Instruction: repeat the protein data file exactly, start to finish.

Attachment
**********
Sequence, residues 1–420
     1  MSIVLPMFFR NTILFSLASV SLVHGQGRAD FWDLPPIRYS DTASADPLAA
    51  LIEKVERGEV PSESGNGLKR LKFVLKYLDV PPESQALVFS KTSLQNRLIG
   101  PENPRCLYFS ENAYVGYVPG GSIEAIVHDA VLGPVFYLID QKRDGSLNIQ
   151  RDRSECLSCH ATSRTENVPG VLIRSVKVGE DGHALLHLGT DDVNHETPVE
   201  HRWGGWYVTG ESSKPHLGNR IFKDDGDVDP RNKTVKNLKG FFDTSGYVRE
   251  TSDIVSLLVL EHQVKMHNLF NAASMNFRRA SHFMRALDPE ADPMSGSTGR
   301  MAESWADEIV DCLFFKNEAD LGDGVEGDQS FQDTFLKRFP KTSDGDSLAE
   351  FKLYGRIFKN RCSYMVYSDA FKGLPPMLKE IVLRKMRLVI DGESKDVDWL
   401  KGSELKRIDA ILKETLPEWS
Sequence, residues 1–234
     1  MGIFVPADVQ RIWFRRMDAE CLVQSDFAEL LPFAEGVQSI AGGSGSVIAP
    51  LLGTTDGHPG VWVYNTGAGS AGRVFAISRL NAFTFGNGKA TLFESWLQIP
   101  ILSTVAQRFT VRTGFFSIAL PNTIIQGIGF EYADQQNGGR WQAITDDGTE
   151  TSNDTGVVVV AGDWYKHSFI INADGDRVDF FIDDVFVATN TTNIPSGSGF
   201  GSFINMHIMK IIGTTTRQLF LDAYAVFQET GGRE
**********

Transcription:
Sequence, residues 1–420
     1  MSIVLPMFFR NTILFSLASV SLVHGQGRAD FWDLPPIRYS DTASADPLAA
    51  LIEKVERGEV PSESGNGLKR LKFVLKYLDV PPESQALVFS KTSLQNRLIG
   101  PENPRCLYFS ENAYVGYVPG GSIEAIVHDA VLGPVFYLID QKRDGSLNIQ
   151  RDRSECLSCH ATSRTENVPG VLIRSVKVGE DGHALLHLGT DDVNHETPVE
   201  HRWGGWYVTG ESSKPHLGNR IFKDDGDVDP RNKTVKNLKG FFDTSGYVRE
   251  TSDIVSLLVL EHQVKMHNLF NAASMNFRRA SHFMRALDPE ADPMSGSTGR
   301  MAESWADEIV DCLFFKNEAD LGDGVEGDQS FQDTFLKRFP KTSDGDSLAE
   351  FKLYGRIFKN RCSYMVYSDA FKGLPPMLKE IVLRKMRLVI DGESKDVDWL
   401  KGSELKRIDA ILKETLPEWS
Sequence, residues 1–234
     1  MGIFVPADVQ RIWFRRMDAE CLVQSDFAEL LPFAEGVQSI AGGSGSVIAP
    51  LLGTTDGHPG VWVYNTGAGS AGRVFAISRL NAFTFGNGKA TLFESWLQIP
   101  ILSTVAQRFT VRTGFFSIAL PNTIIQGIGF EYADQQNGGR WQAITDDGTE
   151  TSNDTGVVVV AGDWYKHSFI INADGDRVDF FIDDVFVATN TTNIPSGSGF
   201  GSFINMHIMK IIGTTTRQLF LDAYAVFQET GGRE